matd

RX450h starter battery monitoring

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Hi, I'm new to Lexus and the forums - we've had our 2017 450h about 2 months now, and not many chances to drive it!

So of course the car was left for 2 weeks without use - and the starter Battery went totally dead. One AA visit later, we now know we have to start it regularly to top up the starter Battery.

I've fitted one of these bluetooth Battery monitors, which seems to work pretty well.

When I first fitted the Battery monitor this evening (after 2 days idle), the monitoring app said the voltage was 12.05v, which it decided was *low*, and at '7%'.

But the car started OK, and we went for a 20 minute spin - charging at 14v apparently.

Back home, the monitor now reads '12.71v, 80%'

So my questions;

- does a voltage of 12.05v actually represent a very low (7%) Battery, or is it talking garbage? I would have thought that <10v would be low enough to start worrying..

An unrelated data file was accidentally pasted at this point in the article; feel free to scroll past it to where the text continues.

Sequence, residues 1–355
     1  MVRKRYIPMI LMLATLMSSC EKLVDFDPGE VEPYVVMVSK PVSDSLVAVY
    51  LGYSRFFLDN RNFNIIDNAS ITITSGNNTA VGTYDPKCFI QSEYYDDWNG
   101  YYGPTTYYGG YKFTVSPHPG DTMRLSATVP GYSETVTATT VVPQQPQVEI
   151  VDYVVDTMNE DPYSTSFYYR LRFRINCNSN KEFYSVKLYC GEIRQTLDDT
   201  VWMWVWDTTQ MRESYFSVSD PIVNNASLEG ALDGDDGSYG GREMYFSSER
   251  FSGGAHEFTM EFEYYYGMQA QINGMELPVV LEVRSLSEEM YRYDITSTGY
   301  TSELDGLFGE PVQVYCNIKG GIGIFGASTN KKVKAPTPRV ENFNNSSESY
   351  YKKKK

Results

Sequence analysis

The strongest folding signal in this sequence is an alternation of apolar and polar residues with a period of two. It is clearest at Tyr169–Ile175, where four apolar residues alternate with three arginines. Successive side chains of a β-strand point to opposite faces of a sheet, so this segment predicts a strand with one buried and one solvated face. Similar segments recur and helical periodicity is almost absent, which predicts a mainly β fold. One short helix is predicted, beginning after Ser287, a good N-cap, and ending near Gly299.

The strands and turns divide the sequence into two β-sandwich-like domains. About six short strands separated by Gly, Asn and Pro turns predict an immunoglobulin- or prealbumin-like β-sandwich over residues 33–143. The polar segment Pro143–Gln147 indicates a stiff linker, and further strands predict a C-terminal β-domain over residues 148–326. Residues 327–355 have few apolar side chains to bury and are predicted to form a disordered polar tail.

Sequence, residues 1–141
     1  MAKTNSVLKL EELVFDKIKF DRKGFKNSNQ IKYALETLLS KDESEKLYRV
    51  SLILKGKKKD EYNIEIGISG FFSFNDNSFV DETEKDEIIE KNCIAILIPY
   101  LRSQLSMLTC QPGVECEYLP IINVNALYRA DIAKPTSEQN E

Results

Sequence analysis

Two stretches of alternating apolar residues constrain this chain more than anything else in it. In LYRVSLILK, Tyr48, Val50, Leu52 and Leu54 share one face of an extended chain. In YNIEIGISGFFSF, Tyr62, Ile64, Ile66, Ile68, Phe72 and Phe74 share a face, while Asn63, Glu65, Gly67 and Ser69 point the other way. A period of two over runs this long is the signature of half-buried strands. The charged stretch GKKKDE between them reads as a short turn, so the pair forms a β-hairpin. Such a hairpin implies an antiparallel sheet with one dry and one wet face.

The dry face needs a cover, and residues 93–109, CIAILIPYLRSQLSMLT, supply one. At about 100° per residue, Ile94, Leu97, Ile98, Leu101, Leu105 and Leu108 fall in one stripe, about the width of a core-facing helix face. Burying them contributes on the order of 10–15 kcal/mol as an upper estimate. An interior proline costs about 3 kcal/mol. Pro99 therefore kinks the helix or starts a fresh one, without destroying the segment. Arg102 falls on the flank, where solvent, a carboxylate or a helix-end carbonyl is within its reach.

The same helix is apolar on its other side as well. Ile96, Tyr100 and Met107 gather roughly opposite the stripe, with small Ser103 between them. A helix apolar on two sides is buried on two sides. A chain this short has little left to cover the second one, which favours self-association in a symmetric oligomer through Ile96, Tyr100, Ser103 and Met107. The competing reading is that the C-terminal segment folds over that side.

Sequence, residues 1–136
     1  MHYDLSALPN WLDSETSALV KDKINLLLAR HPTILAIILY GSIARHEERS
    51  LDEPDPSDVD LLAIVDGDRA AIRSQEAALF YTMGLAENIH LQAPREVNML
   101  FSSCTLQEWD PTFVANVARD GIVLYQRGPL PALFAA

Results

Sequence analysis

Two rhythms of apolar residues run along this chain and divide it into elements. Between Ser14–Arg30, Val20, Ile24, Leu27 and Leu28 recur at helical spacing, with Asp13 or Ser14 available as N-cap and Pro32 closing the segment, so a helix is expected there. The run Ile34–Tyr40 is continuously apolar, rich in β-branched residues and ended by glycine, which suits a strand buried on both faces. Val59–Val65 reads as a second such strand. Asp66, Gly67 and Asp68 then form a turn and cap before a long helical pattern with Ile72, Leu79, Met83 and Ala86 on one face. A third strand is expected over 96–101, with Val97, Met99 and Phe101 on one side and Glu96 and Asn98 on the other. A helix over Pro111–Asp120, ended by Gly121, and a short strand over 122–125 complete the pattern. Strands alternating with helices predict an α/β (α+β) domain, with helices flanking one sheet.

- what Battery level *should* i use as a threshold to go and start it up for a while?

- any tips for reducing Battery drain? Disabling keyless-entry maybe?

 

Thanks for any thoughts. Kind regards

-Mat

 

 

 

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Hi Mat and welcome to the club.

You may find this chart helpful as a starting point:


bvolts.png.9f05d33e178f3a5c8fc2e938fadaf015.png


Standing Battery voltage will be around 12.5V, increasing to about 14.5V when the car is in READY mode.

Because hybrids don't have a normal starter motor Toyota/Lexus decided they could save a bit of money by using small capacity 12V batteries - my RX has a 51Ah Battery whereas previous cars have been a minimum of 75Ah capacity. As you've already found out, one drawback to this is that you can't leave it for very long before it goes flat, so I, and a few others on here, keep a jump start Battery pack such as this one in the glovebox for just such eventualities.